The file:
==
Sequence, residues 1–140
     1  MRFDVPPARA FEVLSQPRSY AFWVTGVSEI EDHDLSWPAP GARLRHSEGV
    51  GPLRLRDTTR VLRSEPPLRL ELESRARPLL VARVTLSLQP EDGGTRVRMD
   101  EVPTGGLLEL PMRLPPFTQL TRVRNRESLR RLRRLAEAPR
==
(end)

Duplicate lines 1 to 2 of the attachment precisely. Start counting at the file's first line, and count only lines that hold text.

Sequence, residues 1–140
     1  MRFDVPPARA FEVLSQPRSY AFWVTGVSEI EDHDLSWPAP GARLRHSEGV